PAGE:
The Second Socialization period, from 7 to around 16 weeks, starts at the time that many people bring home their new puppy. At this point, it is entirely up to you to help them navigate and understand the world around them. What a puppy learns during this period (both good and bad!) will likely last a lifetime. Positive and negative impressions are developed, and the puppy can easily learn new things. This is actually the period of fastest learning, and habits are quickly formed. Once this period is over, socialization becomes much more difficult and learning slows. The next period is the Juvenile Period (which includes teething), followed by the sometimes nerve-wracking Adolescent Period.

Still with me? Good, because we're now getting to the most important part of this blog entry.

In essence, if your new puppy arrives in your home at around 8 weeks of age, you only have 8 weeks to teach your puppy the necessary social skills to ensure that you'll end up with a well-adjusted, socially stable adult dog. This means that, aside from some genetic or early environmental influences, you are completely and totally responsible for preventing anti-social behavior such as aggressive barking, biting, shy behavior, and environmental issues such as fear of loud noises or new things.

I'm not saying that you can't fix behavior problems later on in a dog's life (you can), but wouldn't it be easier to address socialization and training when the puppy is in a prime state for learning that lasts a lifetime? It is definitely easier. I'm also not saying that the risks of common puppy diseases (such as parvovirus) should be completely dismissed in favor of taking your puppy everywhere. Safe socialization is critical.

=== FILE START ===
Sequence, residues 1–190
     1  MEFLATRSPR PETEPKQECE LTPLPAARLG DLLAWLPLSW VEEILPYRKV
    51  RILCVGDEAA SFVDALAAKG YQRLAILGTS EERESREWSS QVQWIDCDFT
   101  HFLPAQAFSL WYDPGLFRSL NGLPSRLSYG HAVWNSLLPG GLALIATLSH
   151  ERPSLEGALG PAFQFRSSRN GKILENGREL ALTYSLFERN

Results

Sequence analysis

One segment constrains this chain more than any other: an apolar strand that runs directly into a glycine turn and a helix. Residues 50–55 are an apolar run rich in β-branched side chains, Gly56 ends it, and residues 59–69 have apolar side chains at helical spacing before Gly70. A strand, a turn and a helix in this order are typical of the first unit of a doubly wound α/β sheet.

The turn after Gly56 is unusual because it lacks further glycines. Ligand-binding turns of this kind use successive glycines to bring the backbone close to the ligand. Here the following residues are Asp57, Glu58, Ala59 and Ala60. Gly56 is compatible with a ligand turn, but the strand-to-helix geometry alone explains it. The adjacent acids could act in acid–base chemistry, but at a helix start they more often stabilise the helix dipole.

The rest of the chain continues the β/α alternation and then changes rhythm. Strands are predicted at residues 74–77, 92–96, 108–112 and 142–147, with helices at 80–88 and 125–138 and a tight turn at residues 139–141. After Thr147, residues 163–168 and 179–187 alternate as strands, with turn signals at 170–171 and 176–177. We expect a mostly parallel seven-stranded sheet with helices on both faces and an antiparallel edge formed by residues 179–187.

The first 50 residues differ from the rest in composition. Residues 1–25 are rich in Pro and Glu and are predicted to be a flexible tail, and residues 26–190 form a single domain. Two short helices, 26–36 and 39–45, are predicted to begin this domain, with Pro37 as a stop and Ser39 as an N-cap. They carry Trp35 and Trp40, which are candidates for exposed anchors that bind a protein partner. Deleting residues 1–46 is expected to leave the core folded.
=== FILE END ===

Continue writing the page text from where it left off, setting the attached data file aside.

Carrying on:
Wait a minute, you ask, do you mean great dogs aren't "born that way?" Pretty much! The responsibility to ensure that you end up with an enjoyable canine companion for the next decade or more is completely yours. Proper training AND socialization at an early age are incredibly important.That's a lot of pressure on you, the new puppy owner, to make sure you get it right!

If you

1) Have never raised a puppy before, or

2) Have raised a puppy and it grew up to be a dog with behavior or training issues, or

3) Have already seen behavior issues brewing in your new puppy, or

4) Have raised a puppy successfully, but know that all puppies are different so additional guidance might be necessary

then your best bet is to seek guidance from an expert. I've helped many people to successfully raise their puppies, and I've raised many of my own. I understand the pressure you feel to raise your puppy the right way, and I'm happy to share my techniques with you through our Rock-Star Puppy Program.

This Program includes 4 lessons in the comfort of your own home and scheduled at your convenience. The information I can share with you in just 4 lessons is more than you can get in a crowded and generic group puppy class. We'll cover everything from housebreaking to safe socialization to manners and more. The lessons are personalized so you know you'll be getting information that will be helpful to your situation.

Enrollment in this program also qualifies your puppy for our "Price Rate for Life," which means that your puppy will get a discounted rate for any future private training lessons - FOR LIFE! And, for your peace of mind, I also include 30 days of FREE phone and email support. Contact us to tell us about your new puppy and to hear more about our Rock-Star Puppy Program. We'd love to hear from you!